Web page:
Over the years government in many areas of the country have bent over backward in an attempt to "protect the consumer" and in many ways, this is creating an army of irresponsible people who go through life exploiting loopholes in the system. This even goes as far as making it much harder to check the credit of someone wanting to rent in an effort to protect a person's privacy, cast aside is the fact those of us renting an expensive piece of property are putting themselves at great financial risk. Landlords find their claims are usually pursued and disputed in the small claims division of the court where getting an eviction or judgment against a bad tenant is both time consuming and expensive. Adding to this ugly reality are limits often in place that mean only a fraction of their loss will be covered, where I live the limit is generally $3,000. It is not difficult for unpaid rents and damages to greatly exceed this amount.

To give someone unfamiliar with the numbers a better idea of the cost we will use some figures that give an idea of what landlords face. Let us start with two months lost rent $2,300, unfortunately, it is not uncommon for a tenant who stays for several years slipping behind a little behind here and there without ever getting caught up to run up a hefty sum. The cost of filing with the courts generally ranges from $90 to as much as $400 and are often topped off by paying an official from the sheriff's office to serve the papers, to this we often have legal fees which can run from $250 to $5,000. In some areas, it can take as much as 180 days to finally get someone out of a property and when this is done it is not uncommon to spend $2,500 clearing out the property and getting it ready to lease. Starting from the position evicting a tenant is a losing proposition we should consider the fact many landlords never see the first penny of a judgment they are finally granted because many deadbeat tenants eventually declare bankruptcy or simply don't pay and such collections are difficult to pursue.

The government holds responsibility for much of our housing problems and even more so in low-income situations because government policy holds little penalty for those who are irresponsible. The chief reason many people are evicted is because they do not follow the rules, damage an apartment or not paying their rent. An eviction on someone's record usually means they become ineligible for government housing programs. By making them "ineligible" for certain programs the government shrewdly and cleverly sidesteps having to deal with these people. The brutal truth is that government housing cherry-picks the best of the low-income renters providing them with very low rents and nice apartments and dumps the worst on the private sector. The unintended consequences of government policy that sidesteps responsibility for the dysfunctional poor over time only add to America's housing woes by driving up the cost of renting.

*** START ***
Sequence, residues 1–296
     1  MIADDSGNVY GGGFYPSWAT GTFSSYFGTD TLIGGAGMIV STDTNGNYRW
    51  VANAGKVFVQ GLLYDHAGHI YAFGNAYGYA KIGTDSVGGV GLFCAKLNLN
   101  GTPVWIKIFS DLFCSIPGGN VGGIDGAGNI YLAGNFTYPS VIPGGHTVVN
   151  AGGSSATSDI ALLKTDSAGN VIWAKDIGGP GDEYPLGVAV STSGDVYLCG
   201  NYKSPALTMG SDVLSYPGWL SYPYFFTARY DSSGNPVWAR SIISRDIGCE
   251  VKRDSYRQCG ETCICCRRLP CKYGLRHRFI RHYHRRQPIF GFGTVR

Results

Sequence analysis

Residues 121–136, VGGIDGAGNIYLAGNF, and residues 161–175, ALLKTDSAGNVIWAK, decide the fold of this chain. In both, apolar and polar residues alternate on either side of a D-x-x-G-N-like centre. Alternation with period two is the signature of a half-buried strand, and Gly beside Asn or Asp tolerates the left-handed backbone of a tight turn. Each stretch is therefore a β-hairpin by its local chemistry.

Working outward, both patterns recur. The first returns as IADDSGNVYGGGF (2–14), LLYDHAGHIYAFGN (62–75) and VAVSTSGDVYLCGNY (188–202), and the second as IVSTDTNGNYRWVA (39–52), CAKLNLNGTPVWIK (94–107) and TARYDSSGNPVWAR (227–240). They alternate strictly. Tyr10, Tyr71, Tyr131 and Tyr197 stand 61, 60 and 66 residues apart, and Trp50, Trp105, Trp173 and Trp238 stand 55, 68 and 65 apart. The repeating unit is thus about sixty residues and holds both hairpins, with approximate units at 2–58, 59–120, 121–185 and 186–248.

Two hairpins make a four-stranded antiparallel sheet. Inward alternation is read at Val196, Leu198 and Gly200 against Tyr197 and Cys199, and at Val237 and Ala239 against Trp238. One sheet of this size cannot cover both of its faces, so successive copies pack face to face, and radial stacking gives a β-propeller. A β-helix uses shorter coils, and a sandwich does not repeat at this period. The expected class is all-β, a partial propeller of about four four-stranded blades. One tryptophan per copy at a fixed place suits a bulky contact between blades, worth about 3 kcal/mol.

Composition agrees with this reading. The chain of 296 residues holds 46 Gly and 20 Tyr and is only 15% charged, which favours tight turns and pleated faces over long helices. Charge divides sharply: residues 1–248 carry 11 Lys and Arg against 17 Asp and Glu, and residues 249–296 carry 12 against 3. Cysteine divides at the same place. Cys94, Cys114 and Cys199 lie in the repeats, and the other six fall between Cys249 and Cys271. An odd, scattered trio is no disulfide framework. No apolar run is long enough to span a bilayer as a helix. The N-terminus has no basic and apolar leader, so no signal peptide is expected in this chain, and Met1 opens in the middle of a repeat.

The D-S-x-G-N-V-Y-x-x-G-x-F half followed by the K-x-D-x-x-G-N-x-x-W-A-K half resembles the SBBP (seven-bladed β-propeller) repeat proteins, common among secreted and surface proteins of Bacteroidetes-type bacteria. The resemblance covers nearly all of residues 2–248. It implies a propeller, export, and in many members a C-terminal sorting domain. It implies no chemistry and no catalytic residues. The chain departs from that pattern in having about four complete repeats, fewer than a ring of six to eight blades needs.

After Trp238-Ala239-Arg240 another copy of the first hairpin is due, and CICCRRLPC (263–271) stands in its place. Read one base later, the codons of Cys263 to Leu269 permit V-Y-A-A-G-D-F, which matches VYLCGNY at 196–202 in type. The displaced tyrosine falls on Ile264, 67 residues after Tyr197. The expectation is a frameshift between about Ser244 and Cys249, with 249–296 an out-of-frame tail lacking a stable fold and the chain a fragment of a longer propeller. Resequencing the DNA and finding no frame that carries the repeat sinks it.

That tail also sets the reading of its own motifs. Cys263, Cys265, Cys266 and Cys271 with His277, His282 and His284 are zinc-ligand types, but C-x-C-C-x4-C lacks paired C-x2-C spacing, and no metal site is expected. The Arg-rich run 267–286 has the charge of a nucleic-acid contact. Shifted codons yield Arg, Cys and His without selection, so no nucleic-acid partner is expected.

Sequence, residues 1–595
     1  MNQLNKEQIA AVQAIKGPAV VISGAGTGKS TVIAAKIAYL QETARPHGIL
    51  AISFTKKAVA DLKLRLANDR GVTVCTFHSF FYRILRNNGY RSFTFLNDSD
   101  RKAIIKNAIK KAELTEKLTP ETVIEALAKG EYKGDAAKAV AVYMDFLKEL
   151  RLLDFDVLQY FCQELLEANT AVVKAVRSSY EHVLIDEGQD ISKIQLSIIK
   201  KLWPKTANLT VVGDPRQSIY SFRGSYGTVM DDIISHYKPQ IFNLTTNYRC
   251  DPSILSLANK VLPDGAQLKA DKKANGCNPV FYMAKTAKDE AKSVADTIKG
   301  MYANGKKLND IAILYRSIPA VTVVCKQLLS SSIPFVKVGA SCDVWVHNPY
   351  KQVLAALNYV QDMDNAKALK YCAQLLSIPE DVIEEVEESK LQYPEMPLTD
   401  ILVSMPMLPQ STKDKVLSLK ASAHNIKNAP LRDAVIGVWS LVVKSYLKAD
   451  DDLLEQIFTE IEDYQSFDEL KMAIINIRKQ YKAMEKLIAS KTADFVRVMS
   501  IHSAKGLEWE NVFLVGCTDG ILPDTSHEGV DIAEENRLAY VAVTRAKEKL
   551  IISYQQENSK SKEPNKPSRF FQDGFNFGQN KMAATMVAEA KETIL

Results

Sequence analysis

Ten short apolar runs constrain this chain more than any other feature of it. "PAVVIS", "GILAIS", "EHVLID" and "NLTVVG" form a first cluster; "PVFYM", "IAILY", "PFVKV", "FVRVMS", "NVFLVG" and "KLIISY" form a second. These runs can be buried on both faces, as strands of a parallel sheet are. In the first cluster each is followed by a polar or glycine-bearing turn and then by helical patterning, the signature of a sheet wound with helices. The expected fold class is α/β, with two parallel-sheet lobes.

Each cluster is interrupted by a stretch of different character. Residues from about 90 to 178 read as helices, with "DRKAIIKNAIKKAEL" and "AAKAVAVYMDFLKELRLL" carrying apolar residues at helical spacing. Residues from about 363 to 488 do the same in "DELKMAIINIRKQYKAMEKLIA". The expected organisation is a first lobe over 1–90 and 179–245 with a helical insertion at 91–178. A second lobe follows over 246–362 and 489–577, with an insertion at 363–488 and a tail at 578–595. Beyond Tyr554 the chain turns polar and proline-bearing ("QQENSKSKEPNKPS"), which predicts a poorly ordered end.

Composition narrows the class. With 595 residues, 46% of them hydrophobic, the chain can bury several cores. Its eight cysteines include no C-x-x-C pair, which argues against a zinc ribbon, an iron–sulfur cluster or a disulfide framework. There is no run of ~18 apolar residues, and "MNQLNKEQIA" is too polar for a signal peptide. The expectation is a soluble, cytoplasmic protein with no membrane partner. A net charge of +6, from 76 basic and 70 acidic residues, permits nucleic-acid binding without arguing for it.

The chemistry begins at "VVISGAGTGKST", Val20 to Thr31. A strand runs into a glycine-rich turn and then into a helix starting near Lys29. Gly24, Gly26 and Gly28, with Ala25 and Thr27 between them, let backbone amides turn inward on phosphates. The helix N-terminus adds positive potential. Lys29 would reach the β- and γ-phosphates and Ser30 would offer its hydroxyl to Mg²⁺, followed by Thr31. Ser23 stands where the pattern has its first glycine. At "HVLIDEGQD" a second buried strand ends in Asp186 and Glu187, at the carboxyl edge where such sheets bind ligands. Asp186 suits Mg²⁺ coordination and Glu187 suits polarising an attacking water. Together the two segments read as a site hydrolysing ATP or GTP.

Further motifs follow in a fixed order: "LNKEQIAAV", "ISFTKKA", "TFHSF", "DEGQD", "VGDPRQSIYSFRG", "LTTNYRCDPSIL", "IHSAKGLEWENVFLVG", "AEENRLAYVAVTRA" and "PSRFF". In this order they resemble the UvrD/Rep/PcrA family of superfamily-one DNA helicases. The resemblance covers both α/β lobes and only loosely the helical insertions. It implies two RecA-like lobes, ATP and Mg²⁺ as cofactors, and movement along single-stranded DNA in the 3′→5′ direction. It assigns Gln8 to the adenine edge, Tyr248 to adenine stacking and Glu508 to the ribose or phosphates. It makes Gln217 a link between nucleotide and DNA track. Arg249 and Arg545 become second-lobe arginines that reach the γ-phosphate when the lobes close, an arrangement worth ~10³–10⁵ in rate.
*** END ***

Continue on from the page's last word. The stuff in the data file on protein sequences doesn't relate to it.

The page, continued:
Footnote; The article below sheds a bit of light on this issue.

Footnote #2; Another place government policy is leading to problems is when it comes to food stamps or the program known as SNAP.


  1. Very interesting perspective. I live in Austria and I wouldn't dream of becoming a landlord. Eviction is effectively impossible and the government has imposed rent caps. I considered buying a couple of small places for AirBnB purposes, but the government is clamping down on that too.

    Interest rates on a normal savings account are now at 0.05% (literally). My only remaining choice is to pile into a stock market currently in its eighth year of a record bull market and in its 90th percentile of historic P/E, or buy gold and wait/hope(?) for the inevitable crash.

    It's not good when normal folk who are trying to put a euro or two aside for a rainy day are forced to take big speculative risks to get any sort of yield.

  2. Henry, thanks for the comment, I had not thought about how government policy also impacts landlords in other countries. Past history of failed efforts like "rent control" and such should be a lesson to governments everywhere..